Crude Jack In The Box Ad Sparks Backlash on The Viral List

Millennial research, Millennial insight, Millennial marketing, Gen Z research, Gen Z marketing, Gen Z insight, youth research, youth marketing

Jack In The Box’s new commercial is in the middle of a controversy, the Oscars’ new popular film category is really unpopular, a Walmart employee has gone viral for her good deed, and more stories that are taking over the internet this week…

Millennial research, Millennial insight, Millennial marketing, Gen Z research, Gen Z marketing, Gen Z insight, youth research, youth marketingCrude New Jack In The Box Ad Sparks Backlash

It may seem obvious that now is the wrong time to joke about sexual innuendos in the workplace, but apparently Jack In The Box didn’t get the memo. Their recent ad, called “Jack’s Bowls,” features Jack walking through his office talking about his “bowls” while coworkers compliment his “bowls” in turn. (Get it guys? Get it?!?) Taglines that appear in the YouTube summary include “Taste my bowls,” and “Get your hands on my bowls.” Adweek has put the ad under fire, saying that the excessive genital references in the workplace promote a boy’s club culture and “locker room talk.” However, MarketWatch questions whether this ad is as offensive as some media outlets make it out to be—and many Twitter users seem to agree. @ElishaKrauss wrote “I watched the ad and wasn't offended... is that weird?” while @PeiWei_Tiger pointed out the bigger problem: “TBH im more offended that @jackbox thinks this is a proper teriyaki rice bowl.”

Millennial research, Millennial insight, Millennial marketing, Gen Z research, Gen Z marketing, Gen Z insight, youth research, youth marketingThe Oscars’ New Popular Film Category is Really Unpopular

The Oscars are adding a popular film category to win back viewers, according to The Hollywood Reporter—but people aren’t happy about it. Ypulse data shows that 63% of 13-34-year-olds didn’t watch the 2016 Oscars at all, and viewership has only declined since—hitting a record low last year. More viewers tune in for their favorite films than for limited-release indie darlings, so adding hits to the roster seems like a good bet to bring back some viewers. “Seems like” is the optimal phrase here. Though some are excited for their…

 
 

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Quote of the Day: “I actively avoid discussions of TV shows.”—Male, 31, MI

Networks are launching an onslaught of new streaming services to compete with the likes of Netflix and Hulu. CBS, Disney, and now Warner Media are hopping on the bandwagon to compete for young cord-cutters' viewing time. The digital switch makes sense, considering 74% of 13-36-year-olds told Ypulse they watch Netflix weekly, versus 33% who watch cable weekly. But one eMarketer analyst predicts this over-saturation in the streaming wars will lead to “a shakeout," in which companies will be weeded out unless they consolidate their offerings. (THR)

Macy’s is putting virtual reality in 90 stores, with the “largest VR rollout in retail history.” Shoppers can don HTC Vive VR headsets to create 3D floor plans, design their living spaces, deck them out with Macy’s furniture, and then take a step inside of the room. The retail tech enables smaller Macy’s stores to offer a lot more inventory to shoppers, and follows in the footsteps of other reality-bending home décor brands. And, according to Macy’s, VR sales were 60% higher than regular sales in their three pilot stores. (MediaPost)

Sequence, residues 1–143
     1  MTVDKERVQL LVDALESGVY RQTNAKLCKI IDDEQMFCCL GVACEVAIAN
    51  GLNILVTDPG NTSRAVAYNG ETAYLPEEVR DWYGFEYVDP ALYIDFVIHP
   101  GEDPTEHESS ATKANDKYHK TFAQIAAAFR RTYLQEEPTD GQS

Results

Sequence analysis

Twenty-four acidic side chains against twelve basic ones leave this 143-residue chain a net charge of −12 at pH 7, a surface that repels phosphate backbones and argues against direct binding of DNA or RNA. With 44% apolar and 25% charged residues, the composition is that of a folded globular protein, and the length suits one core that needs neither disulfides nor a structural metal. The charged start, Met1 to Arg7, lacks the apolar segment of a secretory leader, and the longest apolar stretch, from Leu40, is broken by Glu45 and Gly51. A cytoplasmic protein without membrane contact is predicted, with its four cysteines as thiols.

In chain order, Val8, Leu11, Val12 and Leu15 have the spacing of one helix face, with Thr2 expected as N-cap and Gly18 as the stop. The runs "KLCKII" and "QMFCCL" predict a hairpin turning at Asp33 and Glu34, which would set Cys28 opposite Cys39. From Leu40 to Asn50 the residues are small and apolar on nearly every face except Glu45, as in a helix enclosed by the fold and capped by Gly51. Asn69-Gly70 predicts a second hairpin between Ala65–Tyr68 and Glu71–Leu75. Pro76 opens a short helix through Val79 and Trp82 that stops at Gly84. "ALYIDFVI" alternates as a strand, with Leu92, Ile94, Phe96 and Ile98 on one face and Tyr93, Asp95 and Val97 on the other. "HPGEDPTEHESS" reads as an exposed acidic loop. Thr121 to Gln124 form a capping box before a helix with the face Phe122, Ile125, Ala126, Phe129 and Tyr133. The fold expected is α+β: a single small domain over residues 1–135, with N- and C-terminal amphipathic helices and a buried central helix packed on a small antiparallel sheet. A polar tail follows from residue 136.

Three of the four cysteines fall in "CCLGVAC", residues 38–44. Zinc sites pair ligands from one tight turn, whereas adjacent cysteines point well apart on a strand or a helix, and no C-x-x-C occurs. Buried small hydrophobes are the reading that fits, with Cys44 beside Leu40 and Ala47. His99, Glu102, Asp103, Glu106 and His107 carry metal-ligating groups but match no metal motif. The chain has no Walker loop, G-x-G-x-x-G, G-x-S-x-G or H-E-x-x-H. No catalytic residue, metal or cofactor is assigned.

Prada is plotting a comeback among young consumers. They’ve been slow to adapt to digital, but now the luxury company is emphasizing Instagram and aiming to grow their online sales, which were just 5% in early 2018. While investors applaud Prada’s dive into digital, they also believe the brand needs to shutter several stores—not just to increase “profitability” but to create “the illusion of scarcity.” Prada also has to recover from being late to the luxury streetwear game. (Bloomberg)

Some teens are opting for technical school over four-year universities. At Queens Tech, high schoolers are trained to take on non-desk jobs, like being an electrical engineer or working for public transit companies. Earning a high paycheck that isn’t chipped away by student debt is helping to overcome the societal stigma of skipping college. According to one Queens Tech student, “If you’re a construction worker, you may get paid the same as a doctor, but you don’t look as good.” (Vice)

Don't expect to see macho men and swooning women in grooming brands' latest ads. Instead, companies across the industry are toning down the machismo for Millennial & Gen Z males. Some are blurring gender lines, like Dollar Shave Club, whose “Get Ready” spots debunked stereotypes by not just casting straight, cis males. Other brands are betting modern men are more in touch with their emotions, like Gillette, who shared the touching story of a man’s son becoming an NFL linebacker, despite missing one hand.
(Ad Age)

Quote of the Day: “[Zendaya] is such a beautiful human being and I grew up watching her on the Disney Channel.”—Female, 18, TX

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